To achieve shared prosperity, we need to move some money around, starting with a more equitable tax system. Taxing investment income the same as income you work for, collecting sales taxes on the purchase of stocks and bonds just as we do when people buy pants and soda pop, and taxing financial assets as well as property would simply be more fair. But less class-biased taxes like these would also raise hundreds of billions of dollars to improve public schools and our rotting physical infrastructure and to fund increases in public subsidies for day care, family leave, public transportation, and many other public goods that would reduce daily living expenses – all of which would benefit all income classes, while disproportionately benefiting the lower income quintiles. Reeves’s upper-middle class would get nicked a bit with these tax changes, but most of those hundreds of billions would come from the top 1% or 2% — because that’s where most of the money is.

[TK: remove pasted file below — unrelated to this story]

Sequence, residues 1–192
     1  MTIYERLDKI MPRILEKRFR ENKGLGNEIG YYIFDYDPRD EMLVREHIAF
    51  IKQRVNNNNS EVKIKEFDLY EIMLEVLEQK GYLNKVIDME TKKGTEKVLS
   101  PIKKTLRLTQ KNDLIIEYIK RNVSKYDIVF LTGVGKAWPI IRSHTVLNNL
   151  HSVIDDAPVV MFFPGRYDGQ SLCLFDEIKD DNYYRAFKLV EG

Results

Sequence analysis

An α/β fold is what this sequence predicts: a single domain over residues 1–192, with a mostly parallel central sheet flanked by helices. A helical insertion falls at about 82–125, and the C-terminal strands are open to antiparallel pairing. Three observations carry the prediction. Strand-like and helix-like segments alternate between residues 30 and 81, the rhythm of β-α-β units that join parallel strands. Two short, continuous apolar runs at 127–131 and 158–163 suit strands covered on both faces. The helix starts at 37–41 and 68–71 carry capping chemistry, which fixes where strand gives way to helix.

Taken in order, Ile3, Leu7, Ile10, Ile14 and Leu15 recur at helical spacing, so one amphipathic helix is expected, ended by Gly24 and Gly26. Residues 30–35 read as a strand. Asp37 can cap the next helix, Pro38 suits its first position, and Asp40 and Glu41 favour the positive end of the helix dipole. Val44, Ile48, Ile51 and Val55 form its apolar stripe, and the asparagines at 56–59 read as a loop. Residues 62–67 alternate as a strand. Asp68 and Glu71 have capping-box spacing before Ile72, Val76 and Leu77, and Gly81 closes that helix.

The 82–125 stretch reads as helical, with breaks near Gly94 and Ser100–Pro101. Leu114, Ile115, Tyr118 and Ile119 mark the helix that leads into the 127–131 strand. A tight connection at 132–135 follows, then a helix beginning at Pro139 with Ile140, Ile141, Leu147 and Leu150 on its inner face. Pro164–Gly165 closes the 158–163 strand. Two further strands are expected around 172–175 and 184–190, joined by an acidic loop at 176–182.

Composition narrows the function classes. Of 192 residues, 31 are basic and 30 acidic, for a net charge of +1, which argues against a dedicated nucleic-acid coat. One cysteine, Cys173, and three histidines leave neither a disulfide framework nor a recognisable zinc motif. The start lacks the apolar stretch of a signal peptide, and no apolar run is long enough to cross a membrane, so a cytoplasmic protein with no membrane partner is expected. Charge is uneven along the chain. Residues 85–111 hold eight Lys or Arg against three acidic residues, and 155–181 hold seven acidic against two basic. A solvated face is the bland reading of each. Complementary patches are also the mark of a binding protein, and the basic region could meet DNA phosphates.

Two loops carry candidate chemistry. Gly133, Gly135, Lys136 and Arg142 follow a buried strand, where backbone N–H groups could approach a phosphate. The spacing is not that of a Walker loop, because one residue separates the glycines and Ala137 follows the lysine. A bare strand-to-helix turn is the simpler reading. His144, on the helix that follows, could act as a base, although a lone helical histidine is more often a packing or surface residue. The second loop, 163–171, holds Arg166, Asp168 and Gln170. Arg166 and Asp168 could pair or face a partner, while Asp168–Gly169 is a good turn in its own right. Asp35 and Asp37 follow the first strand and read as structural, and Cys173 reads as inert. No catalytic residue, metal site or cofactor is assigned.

A class-neutral tax system would be a significant move toward the kind of “equality of condition” Alexis de Tocqueville once thought was what made America exceptional. And I’m betting that a majority of “the single most dangerous voting bloc” would sooner give up a few thousand dollars a year in taxes than the formidable array of privileges which Reeves so clearly shows help keep us and our progeny in our place.
This entry was posted in Contributors, Issues, Jack Metzgar, The Working Class and the Economy and tagged Class and economics, class privilege, economic inequality. Bookmark the permalink.